What the future holds for youths

What the future holds for youths

AT the core of Vision 2020 is a fundamental question: “How do Basotho envision their future?”
The document gives several scenarios.
The first is that of Melupi, a time of “political stability, effective public sector management and favourable trends in investment”.
The second is “Declining investment”, a period of khomo ha likae batho re bangata.

The third is “Weak public sector management” which is the time of metse e metle liotloana.
Lesupi, the period of “Political instability, weak public sector management, declining investment”, is the final scenario.
Chapter 4 of the Vision 2020 closes with an observation that Melupe is the “best scenario which portrays the desired future of the Kingdom.”
Given these scenarios it is perhaps crucial to ask what the future holds for our young people in relation to youth economic empowerment (entrepreneurship, skills development and jobs).

The National Youth Policy of 2017 estimates that there are 602 160 youths in Lesotho.
That amounts to around 30 percent of the population, according to the latest census figures.
The youth unemployment rate stands at a staggering 35.8 percent.

The situation is worse in the rural areas, according to the United Nations Lesotho Human Development Report of 2015.
The National Reforms roadmap says “a country that has been crossing through rivers of despair and desperation, turns a new leaf, scales mountains of faith and hope and descends into valleys of success and progress”.

Given that bold declaration you would think the time for real progress to Basotho youth economic empowerment has arrived.
Yet the reality and the prospects look grim. You could say 2018 is a period of khomo ha likae batho re bangata. The numbers don’t lie. Youth economic empowerment interventions have declined to almost zero.

We have also reached a period of metse e metle liotloana which is an existence of an ineffective public service with marvelous policy documents that gobble public funds in their development and consultancy yet result in little dividends.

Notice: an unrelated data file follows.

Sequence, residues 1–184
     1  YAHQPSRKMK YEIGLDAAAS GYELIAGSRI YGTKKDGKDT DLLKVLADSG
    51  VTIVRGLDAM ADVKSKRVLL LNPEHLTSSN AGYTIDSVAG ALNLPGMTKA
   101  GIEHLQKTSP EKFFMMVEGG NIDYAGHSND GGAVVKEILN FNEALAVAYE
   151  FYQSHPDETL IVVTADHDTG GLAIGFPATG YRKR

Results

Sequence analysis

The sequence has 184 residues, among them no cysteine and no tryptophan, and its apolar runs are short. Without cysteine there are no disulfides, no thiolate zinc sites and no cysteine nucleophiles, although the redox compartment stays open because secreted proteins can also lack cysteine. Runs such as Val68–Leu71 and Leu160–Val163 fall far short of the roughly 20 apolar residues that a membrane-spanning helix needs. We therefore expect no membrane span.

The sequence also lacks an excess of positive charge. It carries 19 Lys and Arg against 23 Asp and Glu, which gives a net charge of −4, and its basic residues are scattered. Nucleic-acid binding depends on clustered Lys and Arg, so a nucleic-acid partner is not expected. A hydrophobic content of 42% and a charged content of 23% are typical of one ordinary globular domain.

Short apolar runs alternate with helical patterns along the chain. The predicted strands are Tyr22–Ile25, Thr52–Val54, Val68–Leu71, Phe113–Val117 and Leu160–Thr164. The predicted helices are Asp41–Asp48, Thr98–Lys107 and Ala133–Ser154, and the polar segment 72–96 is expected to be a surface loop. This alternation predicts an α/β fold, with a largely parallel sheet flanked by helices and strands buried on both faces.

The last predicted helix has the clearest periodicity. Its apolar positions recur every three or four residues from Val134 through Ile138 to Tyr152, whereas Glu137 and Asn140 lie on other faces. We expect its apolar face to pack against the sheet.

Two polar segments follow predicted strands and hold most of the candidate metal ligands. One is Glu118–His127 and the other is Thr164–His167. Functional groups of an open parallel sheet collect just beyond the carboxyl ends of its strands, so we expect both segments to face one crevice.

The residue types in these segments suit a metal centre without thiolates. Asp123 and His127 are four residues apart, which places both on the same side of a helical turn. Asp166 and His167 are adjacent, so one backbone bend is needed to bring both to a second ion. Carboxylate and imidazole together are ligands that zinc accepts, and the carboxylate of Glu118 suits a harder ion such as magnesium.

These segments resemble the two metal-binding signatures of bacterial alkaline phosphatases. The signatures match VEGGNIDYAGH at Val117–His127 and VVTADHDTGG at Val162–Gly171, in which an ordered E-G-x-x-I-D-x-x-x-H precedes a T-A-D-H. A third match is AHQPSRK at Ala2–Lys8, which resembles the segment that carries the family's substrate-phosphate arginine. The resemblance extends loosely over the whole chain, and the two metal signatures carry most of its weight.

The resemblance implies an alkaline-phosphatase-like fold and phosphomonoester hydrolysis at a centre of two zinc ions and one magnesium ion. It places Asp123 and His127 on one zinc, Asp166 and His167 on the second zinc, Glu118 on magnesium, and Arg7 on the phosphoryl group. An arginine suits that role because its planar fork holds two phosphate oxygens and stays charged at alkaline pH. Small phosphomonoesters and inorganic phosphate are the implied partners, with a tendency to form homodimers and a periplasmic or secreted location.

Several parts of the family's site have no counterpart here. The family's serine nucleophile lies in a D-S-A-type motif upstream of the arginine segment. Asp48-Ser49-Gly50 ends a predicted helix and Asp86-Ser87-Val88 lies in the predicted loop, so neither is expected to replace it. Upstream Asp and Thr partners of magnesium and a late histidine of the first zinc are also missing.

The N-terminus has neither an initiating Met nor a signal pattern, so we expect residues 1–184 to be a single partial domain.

With acute Youth unemployment, Lesotho is into a period of Lesupi.

Today’s reality dictates that youths not only start businesses but also, sadly enough, create the right environment for that business to survive and thrive.
It would not be fear mongering to predict that social and political unrest is imminent as a result of the disempowerment of the youth.
Tensions are already simmering. Campaigns like #helpmefindwork and #NMDSloansmustfall clearly indicate that Lesotho’s walls of peace and stability are cracking rapidly precisely because youth economic empowerment has never been a top priority.

The reforms roadmap is guided by the theme: “The Lesotho we want” which is not far away from the Vision 2020’s question of “How do Basotho envision their future?”
The reforms agenda is however skewed towards all things the youth view as political: Constitution, Parliament, Judiciary, Security and Public Service.
This leads to a question as to who the reforms are likely to serve. Is it those with jobs or those without?
Could it be those reigning as heads of Government or their subordinates?

The proposed reforms agenda is essential but what remains even more vital to the majority of the youth is a holistic approach to the economic issues.
Sadly, possibilities of entrenching economic issues into the reforms remain rather gloomy as reforms into economic issues or business climate are not part of the objectives of the National Reforms Commission Bill of 2018.

The Lesotho we want is characterized by leading fully economically empowered livelihoods. This is how we envision the present and future of Lesotho.
It is perhaps, in inference, worth discussing the ideal picture of the reforming economic or business climate which is attributable to youth economic empowerment.

The fundamental argument in the economic reforms is based on liberalizing our weak economy by simplifying regulations into starting and operating a business.

There is absolutely no economic empowerment sense for a country confronted by such high youth unemployment rate to charge a whopping M250 to license sole proprietors and a staggering M530 for company registration.

We have arguably some of the most expensive licensing fees in Southern African.
The Lesotho National Youth Policy articulates in its wish list that at least by 2026 youth unemployment rate will be standing at no more than 15 percent.

The same policy embraces the view that the youth should be granted at least 25 percent preference to public sector opportunities. But this calls for a serious uprooting of nepotistic and corrupt practices in the public sector.

China, India and Cuba are some of countries that pioneered economic reforms. The result if that the three countries have low youth unemployment rates: China (10.8 percent), India (10.2 percent) and Cuba (5.8 percent).

China, Cuba and India are just a testimony that a country that goes beyond rhetoric about youth economic empowerment can actually harvest fruitful dividends from its investment in youth.

We should do the same if we are to avoid a looming disaster.

l Matsoso is an entrepreneur and executive director of LEAD Youth Empowerment Institute, a non-profit youth development consultancy and think tank. He writes in his personal capacity.

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